In Rome, his fresco painting of Parnassus at Villa Albani gained him a reputation as a master painter. The appointment of Mengs in 1749 as first painter to Frederick Augustus, elector of Saxony did not prevent his spending much time in Rome, where he had married Margarita Quazzi who had sat for him as a model in 1748, and abjured the Protestant faith, and where he became in 1754 director of the Vatican school of painting, nor did this hinder him on two occasions from obeying the call of Charles III of Spain to Madrid. There Mengs produced some of his best work, and specially the ceiling of the banqueting-hall of the Royal Palace of Madrid, the subject of which was the Triumph of Trajan and the Temple of Glory. Among his pupils there was Agust??n Esteve. After the completion of this work in 1777, Mengs returned to Rome, and there he died, two years later, in poor circumstances, leaving twenty children, seven of whom were pensioned by the king of Spain. His portraits and autoportraits recall an attention to detail and insight, often lost from the grand manner paintings.
Besides numerous paintings in the Madrid gallery, the Ascension and St Joseph at Dresden, Perseus and Andromeda at Saint Petersburg, and the ceiling of the Villa Albani must be mentioned among his chief works. In 1911, Henry George Percy, 7th Duke of Northumberland, possessed a Holy Family, and the colleges of All Souls and Magdalen, at Oxford, possessed altar-pieces by Mengs's hand.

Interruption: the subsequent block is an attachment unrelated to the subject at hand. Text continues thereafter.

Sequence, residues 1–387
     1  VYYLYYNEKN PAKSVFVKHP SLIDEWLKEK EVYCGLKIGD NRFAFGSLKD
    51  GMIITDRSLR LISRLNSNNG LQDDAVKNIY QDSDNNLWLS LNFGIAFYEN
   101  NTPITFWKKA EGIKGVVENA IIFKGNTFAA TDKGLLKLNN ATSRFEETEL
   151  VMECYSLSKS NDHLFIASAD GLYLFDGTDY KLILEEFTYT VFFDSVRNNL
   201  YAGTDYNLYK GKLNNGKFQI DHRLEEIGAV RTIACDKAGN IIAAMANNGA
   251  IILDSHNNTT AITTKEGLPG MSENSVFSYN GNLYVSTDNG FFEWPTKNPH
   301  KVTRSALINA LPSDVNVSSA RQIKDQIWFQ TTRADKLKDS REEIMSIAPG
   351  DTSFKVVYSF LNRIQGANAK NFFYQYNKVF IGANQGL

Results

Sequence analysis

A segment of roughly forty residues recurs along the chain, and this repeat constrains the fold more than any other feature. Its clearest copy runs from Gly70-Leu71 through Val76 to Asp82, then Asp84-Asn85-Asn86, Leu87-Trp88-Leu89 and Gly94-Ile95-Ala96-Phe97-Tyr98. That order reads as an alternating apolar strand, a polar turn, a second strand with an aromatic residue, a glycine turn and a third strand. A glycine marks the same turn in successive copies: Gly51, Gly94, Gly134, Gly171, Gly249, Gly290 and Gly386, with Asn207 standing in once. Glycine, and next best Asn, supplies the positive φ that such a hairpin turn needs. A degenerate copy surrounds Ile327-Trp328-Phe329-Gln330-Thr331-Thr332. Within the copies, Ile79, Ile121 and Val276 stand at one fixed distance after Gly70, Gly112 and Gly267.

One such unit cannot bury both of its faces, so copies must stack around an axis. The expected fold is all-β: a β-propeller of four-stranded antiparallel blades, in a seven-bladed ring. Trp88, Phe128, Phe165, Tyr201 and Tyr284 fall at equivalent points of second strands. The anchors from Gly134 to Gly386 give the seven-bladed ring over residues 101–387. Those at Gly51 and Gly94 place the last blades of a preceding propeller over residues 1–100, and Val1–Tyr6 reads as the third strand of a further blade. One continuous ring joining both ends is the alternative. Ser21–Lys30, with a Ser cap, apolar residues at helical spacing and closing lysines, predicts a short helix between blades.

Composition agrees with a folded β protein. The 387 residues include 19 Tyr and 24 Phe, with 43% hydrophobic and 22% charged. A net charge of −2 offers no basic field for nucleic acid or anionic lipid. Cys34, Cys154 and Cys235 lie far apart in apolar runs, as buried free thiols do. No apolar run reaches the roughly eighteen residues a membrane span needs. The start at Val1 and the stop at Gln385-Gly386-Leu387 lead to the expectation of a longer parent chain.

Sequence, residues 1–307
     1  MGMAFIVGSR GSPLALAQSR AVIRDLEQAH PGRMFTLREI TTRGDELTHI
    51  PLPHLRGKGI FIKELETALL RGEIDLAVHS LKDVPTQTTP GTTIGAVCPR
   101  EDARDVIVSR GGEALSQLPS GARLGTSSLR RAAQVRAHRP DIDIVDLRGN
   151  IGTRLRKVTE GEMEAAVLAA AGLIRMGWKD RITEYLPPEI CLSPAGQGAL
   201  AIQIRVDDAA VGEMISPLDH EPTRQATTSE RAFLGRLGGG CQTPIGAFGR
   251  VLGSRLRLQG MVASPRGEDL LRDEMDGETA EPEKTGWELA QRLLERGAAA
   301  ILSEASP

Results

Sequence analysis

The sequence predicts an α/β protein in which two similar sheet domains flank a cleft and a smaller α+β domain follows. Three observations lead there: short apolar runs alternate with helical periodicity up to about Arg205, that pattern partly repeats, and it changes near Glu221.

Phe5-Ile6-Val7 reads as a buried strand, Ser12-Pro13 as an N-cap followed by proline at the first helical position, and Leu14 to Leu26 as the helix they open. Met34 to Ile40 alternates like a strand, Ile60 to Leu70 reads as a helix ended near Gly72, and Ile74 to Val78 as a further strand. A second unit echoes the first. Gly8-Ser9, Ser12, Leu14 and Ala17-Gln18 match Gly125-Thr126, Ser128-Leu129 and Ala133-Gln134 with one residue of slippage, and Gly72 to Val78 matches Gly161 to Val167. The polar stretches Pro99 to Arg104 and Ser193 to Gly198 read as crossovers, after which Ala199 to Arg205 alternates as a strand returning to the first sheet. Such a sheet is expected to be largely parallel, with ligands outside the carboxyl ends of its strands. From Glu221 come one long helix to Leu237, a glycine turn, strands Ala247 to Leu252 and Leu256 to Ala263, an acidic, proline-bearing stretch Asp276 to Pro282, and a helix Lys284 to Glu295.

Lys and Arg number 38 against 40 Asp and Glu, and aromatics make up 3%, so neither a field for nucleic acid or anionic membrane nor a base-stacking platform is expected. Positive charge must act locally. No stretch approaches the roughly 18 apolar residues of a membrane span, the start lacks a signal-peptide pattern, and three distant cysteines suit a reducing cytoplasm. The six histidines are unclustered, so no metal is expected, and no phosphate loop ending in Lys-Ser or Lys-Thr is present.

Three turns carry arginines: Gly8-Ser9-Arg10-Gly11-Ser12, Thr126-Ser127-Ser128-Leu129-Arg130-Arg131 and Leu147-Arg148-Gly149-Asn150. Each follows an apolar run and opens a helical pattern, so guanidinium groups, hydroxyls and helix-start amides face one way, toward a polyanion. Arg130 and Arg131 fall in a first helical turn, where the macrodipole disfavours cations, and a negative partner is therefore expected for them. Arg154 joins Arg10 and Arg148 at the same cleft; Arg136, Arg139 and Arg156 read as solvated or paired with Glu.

In his writings, in Spanish, Italian and German, Mengs has put forth his eclectic theory of art, which treats of perfection as attainable by a well-schemed combination of diverse excellences Greek design, with the expression of Raphael, the chiaroscuro of Correggio, and the colour of Titian. He would have fancied himself the first neoclassicist, while in fact he may be the last flicker of Baroque art. Or in the words of Wittkower, In the last analysis, he is as much an end as a beginning.
His intimacy with Johann Joachim Winckelmann, who constantly wrote at his dictation, has enhanced his historical importance, for he formed no scholars, and the critic must now concur in Goethe's judgment of Mengs in Winckelmann und sein Jahrhundert; he must deplore that so much learning should have been allied to a total want of initiative and poverty of invention, and embodied with a strained and artificial mannerism.
Mengs was famous for his rivalry with the contemporary Italian painter Pompeo Batoni.Willem Van de Velde The Younger
(bapt. 18 December 1633 - 6 April 1707) was a Dutch marine painter.
Willem van de Velde was baptised on 18 December 1633 in Leiden, Holland, Dutch Republic.
A son of Willem van de Velde the Elder, also a painter of sea-pieces, Willem van de Velde, the younger, was instructed by his father, and afterwards by Simon de Vlieger, a marine painter of repute at the time, and had achieved great celebrity by his art before he came to London. In 1673 he moved to England, where he was engaged by Charles II, at a salary of £100, to aid his father in "taking and making draughts of sea-fights", his part of the work being to reproduce in color the drawings of the elder van de Velde. He was also patronized by the Duke of York and by various members of the nobility.
He died on 6 April 1707 in London, England.